As 2017 comes to a close, I find myself thinking about its beginning. Lying in bed on the morning of the first day of the new year, 1 January 2017, I luxuriated in being on a motionless bed. I thought about the last month. It was only a month ago, that I was waiting for the winds to die down so we could leave the harbor of Rabat, Morocco.
30 days and 3,000 miles later, we were in the New World. It was a much hard trip than I had hoped for. Watching the weather for months before our eventual departure, it was clear that the trade winds blew strong and steady from Africa all the way through the Caribbean to Central America.
I’d been hoping that I could stay in the band of lighter winds just north of the trades. It was not to be. Within hours of leaving Europe and the Canary Islands, we got hit by easterly winds for 20 to 30 knots. I wasn’t worried about Dauntless, she was made for following seas like this, but it did occur to me that these conditions meant there was no turning back.
That’s a sobering thought. In the Mid-Atlantic, with such strong winds behind us, we had to head west one way or another. There is no turning back. 200 miles west of the Canaries, no matter the issue, no fuel, no water, forgot to turn off the lights at home, no matter; one way or another you’re going west.
On a somewhat related note, here are a few Delta Airlines commericals that I find very motivating:
I’m an eclectic person, who grew up in New York, lived overseas for many years and have a boat, Dauntless, a 42 foot Kadey Krogen trawler yacht. Dauntless enables me to not only live in many different parts of the world, but to do it in a way that is interesting, affordable, with the added spice of a challenge.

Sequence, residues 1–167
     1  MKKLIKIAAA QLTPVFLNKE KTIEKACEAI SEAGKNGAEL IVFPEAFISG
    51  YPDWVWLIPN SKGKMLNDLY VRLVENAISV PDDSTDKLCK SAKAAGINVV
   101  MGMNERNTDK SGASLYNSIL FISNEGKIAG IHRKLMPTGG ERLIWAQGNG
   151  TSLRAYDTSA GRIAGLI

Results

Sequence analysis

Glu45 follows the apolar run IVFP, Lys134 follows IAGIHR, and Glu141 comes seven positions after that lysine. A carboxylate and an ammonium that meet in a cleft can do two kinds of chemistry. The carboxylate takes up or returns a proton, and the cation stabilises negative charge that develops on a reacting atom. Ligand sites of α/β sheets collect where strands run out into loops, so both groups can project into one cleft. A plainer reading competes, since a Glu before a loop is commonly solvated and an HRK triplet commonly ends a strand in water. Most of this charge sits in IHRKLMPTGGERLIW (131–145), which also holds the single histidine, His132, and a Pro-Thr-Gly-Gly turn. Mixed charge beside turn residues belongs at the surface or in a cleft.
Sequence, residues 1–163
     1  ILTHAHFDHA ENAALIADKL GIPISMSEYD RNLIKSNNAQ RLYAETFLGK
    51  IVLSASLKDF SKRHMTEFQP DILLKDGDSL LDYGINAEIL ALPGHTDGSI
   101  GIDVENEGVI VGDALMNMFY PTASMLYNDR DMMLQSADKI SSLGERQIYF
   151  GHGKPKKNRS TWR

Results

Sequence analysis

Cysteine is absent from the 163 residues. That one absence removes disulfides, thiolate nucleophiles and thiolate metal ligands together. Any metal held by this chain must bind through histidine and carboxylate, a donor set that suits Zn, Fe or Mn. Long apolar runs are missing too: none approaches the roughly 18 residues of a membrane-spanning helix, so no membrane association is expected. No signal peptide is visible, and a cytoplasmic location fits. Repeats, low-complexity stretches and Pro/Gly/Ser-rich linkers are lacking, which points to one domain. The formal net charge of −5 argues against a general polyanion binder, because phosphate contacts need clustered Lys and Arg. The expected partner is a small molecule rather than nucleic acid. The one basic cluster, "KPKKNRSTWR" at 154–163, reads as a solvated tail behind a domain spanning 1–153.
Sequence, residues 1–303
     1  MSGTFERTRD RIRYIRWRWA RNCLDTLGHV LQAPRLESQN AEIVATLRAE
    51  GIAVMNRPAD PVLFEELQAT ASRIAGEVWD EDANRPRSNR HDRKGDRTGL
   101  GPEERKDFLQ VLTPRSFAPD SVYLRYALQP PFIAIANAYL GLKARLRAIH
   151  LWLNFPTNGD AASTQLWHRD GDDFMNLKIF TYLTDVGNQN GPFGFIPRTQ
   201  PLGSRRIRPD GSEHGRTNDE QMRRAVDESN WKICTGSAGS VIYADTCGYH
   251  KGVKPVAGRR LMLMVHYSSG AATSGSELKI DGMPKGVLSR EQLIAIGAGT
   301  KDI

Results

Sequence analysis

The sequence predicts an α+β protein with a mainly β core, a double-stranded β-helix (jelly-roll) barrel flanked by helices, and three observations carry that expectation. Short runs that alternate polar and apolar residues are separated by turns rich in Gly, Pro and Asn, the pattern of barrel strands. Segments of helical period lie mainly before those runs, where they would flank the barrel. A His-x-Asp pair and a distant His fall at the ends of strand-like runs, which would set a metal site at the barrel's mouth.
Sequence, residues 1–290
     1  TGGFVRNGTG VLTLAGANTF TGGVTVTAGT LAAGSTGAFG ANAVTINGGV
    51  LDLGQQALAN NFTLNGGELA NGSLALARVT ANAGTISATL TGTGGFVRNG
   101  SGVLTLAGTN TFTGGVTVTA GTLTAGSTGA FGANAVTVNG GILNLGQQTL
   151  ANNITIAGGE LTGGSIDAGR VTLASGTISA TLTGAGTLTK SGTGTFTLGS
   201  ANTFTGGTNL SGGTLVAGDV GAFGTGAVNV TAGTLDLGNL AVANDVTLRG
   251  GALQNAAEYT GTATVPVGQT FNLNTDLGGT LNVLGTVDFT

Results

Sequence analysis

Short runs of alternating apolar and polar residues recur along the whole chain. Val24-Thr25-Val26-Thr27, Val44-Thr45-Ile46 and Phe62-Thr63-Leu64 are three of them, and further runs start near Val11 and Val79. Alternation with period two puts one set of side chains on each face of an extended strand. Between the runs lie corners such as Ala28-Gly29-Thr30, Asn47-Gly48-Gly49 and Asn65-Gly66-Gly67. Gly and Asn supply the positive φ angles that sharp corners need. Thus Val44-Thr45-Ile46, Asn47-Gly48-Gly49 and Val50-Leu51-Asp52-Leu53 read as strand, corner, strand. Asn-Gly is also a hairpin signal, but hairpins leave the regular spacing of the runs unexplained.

Dauntless also allows me to be in touch with nature. As the boat glides through the ocean, you have a sense of being part of a living organism. When dolphins come to frolic, they stay longer if you are out there talking to them, watching them. Birds come by, sometimes looking for a handout; sometimes grateful to find a respite from their long journey.
I grew up on the New York waterfront, in the West Village, when everything west of Hudson St. was related to shipping and cargo from around the world. For a kid, it was an exciting place of warehouses, trucks, and working boats of all kinds: tugs and the barges and ships, cargo and passenger, they were pushing around.
My father was an electrical engineer, my mother an intellectual, I fell in between.
I have always been attracted to Earth’s natural processes, the physical sciences. I was in 8th grade when I decided to be a Meteorologist.
After my career in meteorology, my natural interest in earth sciences: geology, astronomy, geography, earth history, made it a natural for me to become a science teacher in New York City, when I moved back to the Big Apple. Teaching led to becoming a high school principal to have the power to truly help kids learn and to be successful not only in school but in life.
Dauntless is in western Europe now. In May and June, I will be wrapping up the last two years in northern Europe, heading south to spend the rest of the year in Spain & Portugal.
Long term, I’m planning on returning to North American in the fall of 2017 and from there continuing to head west until we’re in Northeast Asia, Japan and South Korea, where we will settle for a bit.
But now, my future lies not in NY or even Europe, but back to the water, where at night, when the winds die down, there is no noise, only the silence of the universe. I feel like I am at home, finally.
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2 thoughts on “Always Forward”
Richard, I am very impressed with your chosen life. What fun! Facing one’s fears requires so much courage. Go, Richard! I’m full of admiration for you and enjoy your blog!
I’m not so sure about that. I don’t do things I am afraid of, I’m a big coward.